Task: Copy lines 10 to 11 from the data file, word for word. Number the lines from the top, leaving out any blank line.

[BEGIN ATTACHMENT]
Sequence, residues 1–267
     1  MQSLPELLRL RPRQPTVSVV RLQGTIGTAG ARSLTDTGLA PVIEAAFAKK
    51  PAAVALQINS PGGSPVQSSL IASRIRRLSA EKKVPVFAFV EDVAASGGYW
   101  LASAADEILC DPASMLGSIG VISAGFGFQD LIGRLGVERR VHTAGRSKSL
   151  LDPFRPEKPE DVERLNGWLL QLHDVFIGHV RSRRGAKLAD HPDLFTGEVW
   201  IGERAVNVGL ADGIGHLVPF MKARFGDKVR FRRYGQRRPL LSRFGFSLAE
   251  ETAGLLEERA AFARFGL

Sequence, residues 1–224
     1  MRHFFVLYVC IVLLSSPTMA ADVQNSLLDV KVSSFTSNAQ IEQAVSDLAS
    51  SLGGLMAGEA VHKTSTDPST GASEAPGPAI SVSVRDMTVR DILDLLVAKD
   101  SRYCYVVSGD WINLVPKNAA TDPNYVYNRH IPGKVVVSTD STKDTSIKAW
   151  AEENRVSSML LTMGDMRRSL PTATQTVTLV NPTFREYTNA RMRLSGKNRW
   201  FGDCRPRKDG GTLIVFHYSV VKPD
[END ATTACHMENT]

    51  SLGGLMAGEA VHKTSTDPST GASEAPGPAI SVSVRDMTVR DILDLLVAKD
   101  SRYCYVVSGD WINLVPKNAA TDPNYVYNRH IPGKVVVSTD STKDTSIKAW